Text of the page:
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Old 03-20-2019, 10:02 AM   #1
Mini-Skoolie
 
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Red face Switches and Grounding Questions

Let me start by saying that I have been reading ALOT on this forum about electrical and have come to learn that being an electrician is not anywhere in my future

I have scoured this thread, as well as this one, been reading here and a few other places.

I have purchased the majority of what I need for my electrical system. The solar panels are mounted on the roof. The inverter and charge controller are sitting in the opened box ready to be installed. I have 5 feet of red and black 4/0 gauge wire as well as some 10, 6, and 8 gauge wire for other parts of the system. I have all of the wires ran for appliances and outlets as well. I have built an airtight battery box for my flooded lead acid batteries that vent to the outside of the bus. Now comes the scary part. Making it live

Here is a diagram of my plan to set up everything. Please note the connectioin of the DC and AC circuits to the batteries is a little screwy because of the website I was using



Here are where my questions come in. I know that my inverter has a ground-neutral bond internally. I know that under no circumstances can the inverter and shore power be grounded at the same time( right?!?!).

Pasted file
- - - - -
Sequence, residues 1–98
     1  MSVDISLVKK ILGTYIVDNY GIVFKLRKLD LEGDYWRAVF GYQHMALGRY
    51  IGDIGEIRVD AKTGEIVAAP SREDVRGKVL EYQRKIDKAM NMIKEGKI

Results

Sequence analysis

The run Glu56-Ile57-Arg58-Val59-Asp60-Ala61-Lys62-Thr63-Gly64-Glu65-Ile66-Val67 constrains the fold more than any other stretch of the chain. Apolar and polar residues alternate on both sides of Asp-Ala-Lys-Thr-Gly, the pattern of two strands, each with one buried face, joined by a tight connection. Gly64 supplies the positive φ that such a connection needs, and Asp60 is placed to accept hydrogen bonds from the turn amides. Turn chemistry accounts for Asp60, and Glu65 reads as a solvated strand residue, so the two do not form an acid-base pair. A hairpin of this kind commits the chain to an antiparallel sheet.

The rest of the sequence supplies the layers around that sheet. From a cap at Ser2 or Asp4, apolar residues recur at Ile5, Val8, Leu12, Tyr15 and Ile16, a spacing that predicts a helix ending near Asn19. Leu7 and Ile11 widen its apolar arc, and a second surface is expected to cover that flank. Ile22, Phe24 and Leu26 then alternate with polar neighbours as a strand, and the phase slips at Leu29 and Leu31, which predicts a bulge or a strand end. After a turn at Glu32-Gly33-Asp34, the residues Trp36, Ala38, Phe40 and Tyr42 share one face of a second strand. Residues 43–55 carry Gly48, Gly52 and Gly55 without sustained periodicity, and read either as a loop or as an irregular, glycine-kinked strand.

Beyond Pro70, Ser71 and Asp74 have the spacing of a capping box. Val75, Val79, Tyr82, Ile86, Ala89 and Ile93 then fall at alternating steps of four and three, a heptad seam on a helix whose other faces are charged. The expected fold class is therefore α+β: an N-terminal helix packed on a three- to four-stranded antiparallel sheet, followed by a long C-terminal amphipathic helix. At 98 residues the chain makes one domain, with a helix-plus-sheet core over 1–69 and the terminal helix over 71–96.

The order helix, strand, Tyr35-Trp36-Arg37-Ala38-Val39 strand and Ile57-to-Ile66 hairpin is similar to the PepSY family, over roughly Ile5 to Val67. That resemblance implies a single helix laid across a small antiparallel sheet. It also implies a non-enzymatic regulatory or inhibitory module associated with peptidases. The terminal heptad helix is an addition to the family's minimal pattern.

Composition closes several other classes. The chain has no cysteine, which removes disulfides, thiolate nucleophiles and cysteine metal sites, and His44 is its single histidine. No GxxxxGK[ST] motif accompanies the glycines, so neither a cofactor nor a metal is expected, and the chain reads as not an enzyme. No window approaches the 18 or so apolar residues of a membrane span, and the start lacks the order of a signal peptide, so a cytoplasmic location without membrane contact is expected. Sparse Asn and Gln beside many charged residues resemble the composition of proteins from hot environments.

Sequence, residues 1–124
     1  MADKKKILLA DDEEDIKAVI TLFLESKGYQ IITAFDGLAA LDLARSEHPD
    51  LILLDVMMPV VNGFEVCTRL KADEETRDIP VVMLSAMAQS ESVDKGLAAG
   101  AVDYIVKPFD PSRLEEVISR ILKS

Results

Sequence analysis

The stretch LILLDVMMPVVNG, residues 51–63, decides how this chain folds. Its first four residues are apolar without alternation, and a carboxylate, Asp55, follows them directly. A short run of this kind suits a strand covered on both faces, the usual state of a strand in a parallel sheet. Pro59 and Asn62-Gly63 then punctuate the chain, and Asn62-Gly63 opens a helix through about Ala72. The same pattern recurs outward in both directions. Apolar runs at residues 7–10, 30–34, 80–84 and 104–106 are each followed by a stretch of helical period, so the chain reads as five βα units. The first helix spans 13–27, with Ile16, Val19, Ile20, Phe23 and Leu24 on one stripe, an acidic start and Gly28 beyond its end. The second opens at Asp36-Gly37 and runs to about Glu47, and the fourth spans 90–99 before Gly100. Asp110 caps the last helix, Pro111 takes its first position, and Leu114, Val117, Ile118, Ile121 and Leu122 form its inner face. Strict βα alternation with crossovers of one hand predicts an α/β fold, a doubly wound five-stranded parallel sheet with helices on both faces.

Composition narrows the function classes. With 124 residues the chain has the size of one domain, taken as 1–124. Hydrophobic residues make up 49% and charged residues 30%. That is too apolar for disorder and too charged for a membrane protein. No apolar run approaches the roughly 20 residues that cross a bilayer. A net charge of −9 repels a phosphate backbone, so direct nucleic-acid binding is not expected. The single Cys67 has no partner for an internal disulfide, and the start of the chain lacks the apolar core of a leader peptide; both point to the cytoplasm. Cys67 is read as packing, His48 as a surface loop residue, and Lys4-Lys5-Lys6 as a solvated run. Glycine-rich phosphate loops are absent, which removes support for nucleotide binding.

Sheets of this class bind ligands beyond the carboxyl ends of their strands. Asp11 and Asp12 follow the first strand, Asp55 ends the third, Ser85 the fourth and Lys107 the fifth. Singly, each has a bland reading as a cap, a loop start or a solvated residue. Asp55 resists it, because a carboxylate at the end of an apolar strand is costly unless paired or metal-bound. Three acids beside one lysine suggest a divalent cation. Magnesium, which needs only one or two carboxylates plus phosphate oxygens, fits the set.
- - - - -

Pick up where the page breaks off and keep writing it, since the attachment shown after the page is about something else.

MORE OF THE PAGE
The inverter has a grounding lug that I was going to attach to an installed bus bar on the chair rail. The shore power plug also needs to be grounded. Can I ground them to the same bus bar and use my master switch to cause a break in the circuit between the inverter and the AC distribution panel to remove the double ground? If not how should I approach the need of both the inverter and the shore power plug both needing to be grounded?

Next question, I have an extra grounding bar. Is there a need of one in the DC circuit?

I feel like i am missing a fuse somewhere. Possibly between the charge controller and the batteries?

Do the batteries need to be grounded as well?

I know that this is alot of questions and some of them maybe stupid, but I know that I am no where close to being an expert in this and would like the opinion of some people who have done this and have experience. Thank you for your time!